For example, kindness might be core to who you are and it could translate into action by volunteering time with a charity. The closer you can match the other volunteers’ characteristics to your own, the better the fit.
- You persevere. You may need to stick at your search for some time to get it to fit, a bit like trying on clothes in shops!
3. Make it real. As far as you can, make your connections with real people in the real world. Meaningful online relationships are slower to build and harder to evaluate because they can exist in an ‘information vacuum’. You cannot always corroborate or test the truth of someone or their motivation.
Although the above seems obvious and maybe even easy, it can be hard to show up in any world. Quite often that is because we feel insecure or even dislike aspects of ourselves and so we worry that we will be rejected.
This is what is so painful about adolescence- we fear that the emerging parts of self will be scorned by our peers. Our peers also fear rejection and some may respond by a show of strength- in other words by rejecting us before we reject them and this can take the form of humiliation, harassment or ostracisation. This is the unpleasant and damaging cycle of bullying in action.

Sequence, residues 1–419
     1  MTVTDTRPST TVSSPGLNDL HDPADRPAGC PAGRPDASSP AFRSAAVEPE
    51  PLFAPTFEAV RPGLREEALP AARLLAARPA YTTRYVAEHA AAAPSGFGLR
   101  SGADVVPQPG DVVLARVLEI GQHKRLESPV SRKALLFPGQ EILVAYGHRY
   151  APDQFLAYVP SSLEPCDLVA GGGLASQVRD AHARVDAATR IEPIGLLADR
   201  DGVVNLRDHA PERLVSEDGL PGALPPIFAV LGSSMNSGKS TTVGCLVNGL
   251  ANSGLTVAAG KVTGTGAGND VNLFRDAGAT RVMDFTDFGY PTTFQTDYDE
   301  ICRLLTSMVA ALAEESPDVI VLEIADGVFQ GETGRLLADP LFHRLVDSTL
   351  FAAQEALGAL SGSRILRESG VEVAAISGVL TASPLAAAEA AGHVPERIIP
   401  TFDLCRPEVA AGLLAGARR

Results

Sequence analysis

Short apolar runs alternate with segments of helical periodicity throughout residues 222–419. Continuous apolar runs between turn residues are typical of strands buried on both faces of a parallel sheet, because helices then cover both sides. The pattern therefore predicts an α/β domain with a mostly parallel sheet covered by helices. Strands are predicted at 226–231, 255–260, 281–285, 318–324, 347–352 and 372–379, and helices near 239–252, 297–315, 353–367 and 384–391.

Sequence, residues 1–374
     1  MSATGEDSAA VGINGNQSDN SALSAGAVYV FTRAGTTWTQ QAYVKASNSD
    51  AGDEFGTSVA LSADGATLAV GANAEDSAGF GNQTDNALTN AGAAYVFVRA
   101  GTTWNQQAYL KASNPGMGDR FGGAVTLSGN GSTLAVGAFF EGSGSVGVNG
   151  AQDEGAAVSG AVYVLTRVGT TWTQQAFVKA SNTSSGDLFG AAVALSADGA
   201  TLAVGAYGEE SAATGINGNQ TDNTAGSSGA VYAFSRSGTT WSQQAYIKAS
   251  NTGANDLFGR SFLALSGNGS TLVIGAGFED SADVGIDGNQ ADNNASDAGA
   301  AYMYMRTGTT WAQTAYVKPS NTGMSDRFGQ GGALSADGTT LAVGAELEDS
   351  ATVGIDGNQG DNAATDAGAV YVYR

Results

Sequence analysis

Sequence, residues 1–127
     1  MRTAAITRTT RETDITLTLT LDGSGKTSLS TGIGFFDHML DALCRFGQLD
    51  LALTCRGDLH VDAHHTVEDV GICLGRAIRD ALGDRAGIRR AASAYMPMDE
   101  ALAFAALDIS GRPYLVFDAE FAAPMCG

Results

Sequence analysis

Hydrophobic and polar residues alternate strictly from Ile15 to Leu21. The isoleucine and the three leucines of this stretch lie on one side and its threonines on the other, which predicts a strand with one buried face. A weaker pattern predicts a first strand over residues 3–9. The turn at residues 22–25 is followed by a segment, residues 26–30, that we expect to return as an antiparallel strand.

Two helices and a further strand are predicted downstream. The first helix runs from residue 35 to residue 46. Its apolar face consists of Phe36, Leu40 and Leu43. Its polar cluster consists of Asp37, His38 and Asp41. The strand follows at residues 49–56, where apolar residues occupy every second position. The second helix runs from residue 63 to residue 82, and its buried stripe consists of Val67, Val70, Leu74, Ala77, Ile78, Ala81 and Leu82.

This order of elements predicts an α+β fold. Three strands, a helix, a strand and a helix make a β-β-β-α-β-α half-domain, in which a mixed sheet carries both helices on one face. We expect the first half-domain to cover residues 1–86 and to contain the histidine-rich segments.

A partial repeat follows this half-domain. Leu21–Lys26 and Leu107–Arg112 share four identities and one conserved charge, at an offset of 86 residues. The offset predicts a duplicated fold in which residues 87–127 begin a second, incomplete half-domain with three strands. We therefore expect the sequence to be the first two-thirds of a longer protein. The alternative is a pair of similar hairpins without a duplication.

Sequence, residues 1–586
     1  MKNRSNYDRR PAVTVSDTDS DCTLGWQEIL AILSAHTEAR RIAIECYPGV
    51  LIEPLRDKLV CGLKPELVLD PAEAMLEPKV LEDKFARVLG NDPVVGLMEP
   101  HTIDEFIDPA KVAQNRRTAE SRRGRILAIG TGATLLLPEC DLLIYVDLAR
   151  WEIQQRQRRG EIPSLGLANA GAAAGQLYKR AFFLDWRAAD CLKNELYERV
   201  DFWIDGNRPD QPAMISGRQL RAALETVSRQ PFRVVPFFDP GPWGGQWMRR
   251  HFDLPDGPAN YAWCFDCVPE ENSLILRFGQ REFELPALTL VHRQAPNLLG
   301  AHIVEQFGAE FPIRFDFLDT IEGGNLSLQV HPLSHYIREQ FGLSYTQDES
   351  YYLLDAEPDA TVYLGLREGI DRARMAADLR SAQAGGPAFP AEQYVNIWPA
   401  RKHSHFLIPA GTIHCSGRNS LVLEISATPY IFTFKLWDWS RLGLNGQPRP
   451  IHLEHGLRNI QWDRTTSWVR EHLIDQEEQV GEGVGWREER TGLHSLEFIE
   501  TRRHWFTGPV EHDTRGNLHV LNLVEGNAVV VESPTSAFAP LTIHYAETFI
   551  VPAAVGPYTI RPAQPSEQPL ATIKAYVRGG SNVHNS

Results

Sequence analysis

I think that, before we can show up in the world, we have to show up for ourselves. Loneliness begins at home, in our relationship with ourselves. Many people dislike parts of themselves; don’t understand themselves; or don’t know how to express parts of themselves. This may have been their sense from childhood. If we are not understood and appreciated by those closest to us, we grow up with a sense of alienation from parts of ourself- an inner alienation.
Loneliness is, in part, the absence of a full relationship with ourselves. A full relationship is one where the important parts of us are known and are worth knowing. To build that relationship over time, we need positive input from family, community and culture that is sufficiently consistent and unwavering. Then it becomes fact, personal fact, and facts have the status of ‘truth’. Truth has the power to last and to sustain and to carry us when times are difficult.